Cattle and deer which the farmer considers too dangerous to tag do not need a NAIT tag if they are going directly to a meat processor. A levy of $13 per head excluding GST applies to these animals.
Calves less than 30 days old going directly to a meat processor (bobby calves), with a direct to slaughter tag issued by the meat processor, do not need a NAIT tag.



The highlighted bit is me not the site... happy to be corrected and I do think its somewhat ambiguous as to when the direct to slaughter tag is issued so I am assuming it would be for transit off farm?
Last edit: 8 years 4 months ago by max2.

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8 years 4 months ago #516243 by max2
Replied by max2 on topic "Sunday" on TVNZ
On the topic of the episode I am appalled at one forum I read today where a dietary consultant claims bulls RAPE cows! In amongst all that is how farmers and stock are the cause of all the environmental woes etc. Not a word about car fumes, spraying of pesticides, where city people's waste goes to, etc etc. along with the urban creep into rural areas, I am starting to become extremely concerned as to the future of rural activities in New Zealand.

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8 years 4 months ago #516245 by kindajojo
Replied by kindajojo on topic "Sunday" on TVNZ
It becomes hypocritical, most people will be appalled but will not make the connection to their latte, cheese board, fillet steak or Italian leather shoes

People need protein, and animals are the most convenient source, the whole system should be up for audit on a random basis by MPI, but as with most govt organisations they probably have cut staff resources to the bone and there just isn't the resource there to monitor the industry.
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8 years 4 months ago #516249 by Kiwi303
Replied by Kiwi303 on topic "Sunday" on TVNZ
We had over 100,000 bobby calves trundle down the line this season before they closed off and we switched to lambs, Bobby calves for human consumption need a direct to slaughter tag. which traces the calf back to the farmer and farm, exactly the same as a NAIT tag does adult stock. the barcode on the tag also allows each veal carcase to be scaled out and the farmer paid on KG yield for each calf rather than per head.

The direct to slaughter tags mean that even though the calves come as big featureless mobs all mixed together, any QA people can look at any carcase in the chiller, scan the label, read off the details there from the barcode and know exactly which farm that carcase came from.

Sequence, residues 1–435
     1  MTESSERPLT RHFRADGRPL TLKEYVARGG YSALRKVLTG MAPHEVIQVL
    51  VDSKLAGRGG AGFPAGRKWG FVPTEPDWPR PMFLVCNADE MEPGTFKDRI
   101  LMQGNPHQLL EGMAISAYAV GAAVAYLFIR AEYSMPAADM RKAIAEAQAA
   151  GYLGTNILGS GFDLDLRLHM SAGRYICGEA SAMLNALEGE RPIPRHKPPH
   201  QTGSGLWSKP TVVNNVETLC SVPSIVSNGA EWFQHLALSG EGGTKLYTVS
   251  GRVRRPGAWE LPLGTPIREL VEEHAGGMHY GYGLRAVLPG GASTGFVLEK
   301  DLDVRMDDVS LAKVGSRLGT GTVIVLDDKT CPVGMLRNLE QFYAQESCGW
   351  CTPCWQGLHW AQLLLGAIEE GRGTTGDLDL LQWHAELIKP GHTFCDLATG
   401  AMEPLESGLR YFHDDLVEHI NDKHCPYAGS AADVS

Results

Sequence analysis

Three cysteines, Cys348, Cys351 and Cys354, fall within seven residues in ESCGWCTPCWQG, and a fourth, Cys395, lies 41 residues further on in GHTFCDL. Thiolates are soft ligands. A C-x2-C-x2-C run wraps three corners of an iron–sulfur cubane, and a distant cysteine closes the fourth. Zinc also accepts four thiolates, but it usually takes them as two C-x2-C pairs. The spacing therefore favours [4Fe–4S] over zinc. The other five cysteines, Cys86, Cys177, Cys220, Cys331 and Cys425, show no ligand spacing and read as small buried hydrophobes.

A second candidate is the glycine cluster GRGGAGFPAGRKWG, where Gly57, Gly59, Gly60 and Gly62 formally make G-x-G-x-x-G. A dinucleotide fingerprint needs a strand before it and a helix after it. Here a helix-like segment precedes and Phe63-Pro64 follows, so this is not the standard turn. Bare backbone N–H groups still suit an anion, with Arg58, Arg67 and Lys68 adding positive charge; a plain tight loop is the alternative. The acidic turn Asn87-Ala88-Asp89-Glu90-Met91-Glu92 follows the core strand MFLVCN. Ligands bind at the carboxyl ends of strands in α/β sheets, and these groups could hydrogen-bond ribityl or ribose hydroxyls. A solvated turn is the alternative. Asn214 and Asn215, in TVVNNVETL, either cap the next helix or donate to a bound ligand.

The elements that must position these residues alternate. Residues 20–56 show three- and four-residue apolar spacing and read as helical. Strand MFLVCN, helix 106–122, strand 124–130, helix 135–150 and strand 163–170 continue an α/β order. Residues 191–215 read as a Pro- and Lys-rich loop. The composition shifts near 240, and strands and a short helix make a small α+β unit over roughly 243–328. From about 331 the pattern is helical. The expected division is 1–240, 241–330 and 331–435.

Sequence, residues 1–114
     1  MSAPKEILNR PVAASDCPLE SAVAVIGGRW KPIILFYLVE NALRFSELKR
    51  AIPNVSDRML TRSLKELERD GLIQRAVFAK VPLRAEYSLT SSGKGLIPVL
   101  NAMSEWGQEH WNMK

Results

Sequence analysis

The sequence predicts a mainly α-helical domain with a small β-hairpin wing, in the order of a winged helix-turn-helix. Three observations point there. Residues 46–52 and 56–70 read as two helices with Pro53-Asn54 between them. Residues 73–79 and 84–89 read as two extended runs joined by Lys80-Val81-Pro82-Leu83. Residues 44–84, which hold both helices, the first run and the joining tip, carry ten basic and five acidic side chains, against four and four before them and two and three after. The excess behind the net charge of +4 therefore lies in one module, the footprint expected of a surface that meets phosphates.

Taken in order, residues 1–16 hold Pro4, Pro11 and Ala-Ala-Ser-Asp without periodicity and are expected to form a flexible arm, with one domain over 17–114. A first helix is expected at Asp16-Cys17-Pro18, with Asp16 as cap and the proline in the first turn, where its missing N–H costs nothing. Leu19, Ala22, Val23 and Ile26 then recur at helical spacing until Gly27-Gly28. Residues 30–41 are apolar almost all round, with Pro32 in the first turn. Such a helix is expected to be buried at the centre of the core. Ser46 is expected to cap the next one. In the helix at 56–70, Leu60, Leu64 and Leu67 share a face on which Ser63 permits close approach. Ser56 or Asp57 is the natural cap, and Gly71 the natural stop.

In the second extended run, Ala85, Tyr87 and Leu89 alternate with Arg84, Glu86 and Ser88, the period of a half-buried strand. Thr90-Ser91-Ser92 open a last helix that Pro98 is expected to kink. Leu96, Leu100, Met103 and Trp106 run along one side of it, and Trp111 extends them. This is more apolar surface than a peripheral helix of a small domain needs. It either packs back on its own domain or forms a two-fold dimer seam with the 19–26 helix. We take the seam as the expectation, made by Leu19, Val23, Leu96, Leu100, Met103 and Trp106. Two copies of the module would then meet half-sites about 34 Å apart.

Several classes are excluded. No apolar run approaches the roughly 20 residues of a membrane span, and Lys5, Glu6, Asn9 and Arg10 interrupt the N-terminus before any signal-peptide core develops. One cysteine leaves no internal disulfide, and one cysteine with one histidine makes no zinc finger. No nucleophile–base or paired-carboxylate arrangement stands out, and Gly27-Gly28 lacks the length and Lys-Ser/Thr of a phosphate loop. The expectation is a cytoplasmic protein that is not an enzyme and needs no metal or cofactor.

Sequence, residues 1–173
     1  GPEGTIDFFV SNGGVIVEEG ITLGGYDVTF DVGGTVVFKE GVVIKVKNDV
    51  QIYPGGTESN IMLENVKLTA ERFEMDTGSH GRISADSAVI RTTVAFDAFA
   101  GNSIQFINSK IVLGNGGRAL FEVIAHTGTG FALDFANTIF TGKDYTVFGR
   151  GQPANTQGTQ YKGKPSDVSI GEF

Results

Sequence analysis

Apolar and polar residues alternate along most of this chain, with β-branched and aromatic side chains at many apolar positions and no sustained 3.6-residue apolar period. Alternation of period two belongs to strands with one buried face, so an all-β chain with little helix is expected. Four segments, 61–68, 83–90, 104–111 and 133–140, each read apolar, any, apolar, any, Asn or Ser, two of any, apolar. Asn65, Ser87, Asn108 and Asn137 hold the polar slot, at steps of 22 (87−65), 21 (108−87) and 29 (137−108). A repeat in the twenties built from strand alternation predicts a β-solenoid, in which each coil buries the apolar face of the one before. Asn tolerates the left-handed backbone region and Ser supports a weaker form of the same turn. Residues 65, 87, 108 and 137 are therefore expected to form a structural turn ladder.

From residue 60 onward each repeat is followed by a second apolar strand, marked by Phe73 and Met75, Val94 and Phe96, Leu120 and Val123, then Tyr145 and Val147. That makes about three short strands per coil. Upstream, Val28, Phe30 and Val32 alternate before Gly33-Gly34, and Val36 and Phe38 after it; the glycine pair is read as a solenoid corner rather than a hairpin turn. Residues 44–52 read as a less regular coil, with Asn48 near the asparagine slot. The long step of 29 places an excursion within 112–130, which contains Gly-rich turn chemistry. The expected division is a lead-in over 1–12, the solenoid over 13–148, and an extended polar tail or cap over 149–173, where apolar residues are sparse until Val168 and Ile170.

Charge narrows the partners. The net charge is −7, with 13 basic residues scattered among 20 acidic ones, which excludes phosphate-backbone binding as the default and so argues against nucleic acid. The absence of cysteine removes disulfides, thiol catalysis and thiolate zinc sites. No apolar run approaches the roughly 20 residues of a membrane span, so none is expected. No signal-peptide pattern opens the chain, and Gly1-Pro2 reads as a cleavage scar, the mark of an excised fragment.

Some come in through the system with no tags. They may be just as edible as their brethren with tags, but while they go down the line, they aren't processed any further than being skinned and the pelt fed into the tannery system, the carcase gets dropped down the vets condem hole to join the the blood n bone and inedibles in the tubs downstairs to be trucked away.

You Live and Learn, or you don't Live Long -anon

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8 years 4 months ago #516294 by bev
Replied by bev on topic "Sunday" on TVNZ
I will try again ..
4 day old calves going to the Sale Yard .. = NAIT
4 day calves going to the Meat Works for human consumption = Direct to slaughter tags (this is where the tags have the farm ID, and is paid Per KG to farmer)
4 day old calves going to PET FOOD .. no tags... You may get $3-5 dollars for a small jersey calf. NAIT tags cost more than this!

If you still don't believe me, ring them yourself, It wont be on the NAIT website as there is only 2 companies im aware of in the Waikato that offer this service.

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8 years 4 months ago #516299 by tonybaker
Replied by tonybaker on topic "Sunday" on TVNZ
and we criticise the Japanese for killing whales! we are such hypocrites!

5 acres, Ferguson 35X and implements, Hanmay pto shredder, BMW Z3, Countax ride on mower, chooks, Dorper and Wiltshire sheep. Bosky wood burning central heating stove and radiators. Retro caravan. Growing our own food and preserving it. Small vineyard, crap wine. :)

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8 years 4 months ago #516300 by katieb
Replied by katieb on topic "Sunday" on TVNZ

max2 wrote: This is the link I am reading on the NAIT page Bev:

nait.co.nz/tag/

Exemptions
Cattle and deer which the farmer considers too dangerous to tag do not need a NAIT tag if they are going directly to a meat processor. A levy of $13 per head excluding GST applies to these animals.